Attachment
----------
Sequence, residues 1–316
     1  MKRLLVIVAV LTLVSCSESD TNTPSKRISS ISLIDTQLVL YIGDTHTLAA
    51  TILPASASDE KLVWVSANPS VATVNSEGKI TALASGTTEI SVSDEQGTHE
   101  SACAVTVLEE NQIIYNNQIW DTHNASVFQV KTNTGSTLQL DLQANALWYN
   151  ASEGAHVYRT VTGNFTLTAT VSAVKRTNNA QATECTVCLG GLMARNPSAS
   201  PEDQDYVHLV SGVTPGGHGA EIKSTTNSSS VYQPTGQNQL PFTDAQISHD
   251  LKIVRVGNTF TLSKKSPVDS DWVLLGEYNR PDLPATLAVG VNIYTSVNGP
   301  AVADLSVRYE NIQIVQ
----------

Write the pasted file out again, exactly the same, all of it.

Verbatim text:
Sequence, residues 1–316
     1  MKRLLVIVAV LTLVSCSESD TNTPSKRISS ISLIDTQLVL YIGDTHTLAA
    51  TILPASASDE KLVWVSANPS VATVNSEGKI TALASGTTEI SVSDEQGTHE
   101  SACAVTVLEE NQIIYNNQIW DTHNASVFQV KTNTGSTLQL DLQANALWYN
   151  ASEGAHVYRT VTGNFTLTAT VSAVKRTNNA QATECTVCLG GLMARNPSAS
   201  PEDQDYVHLV SGVTPGGHGA EIKSTTNSSS VYQPTGQNQL PFTDAQISHD
   251  LKIVRVGNTF TLSKKSPVDS DWVLLGEYNR PDLPATLAVG VNIYTSVNGP
   301  AVADLSVRYE NIQIVQ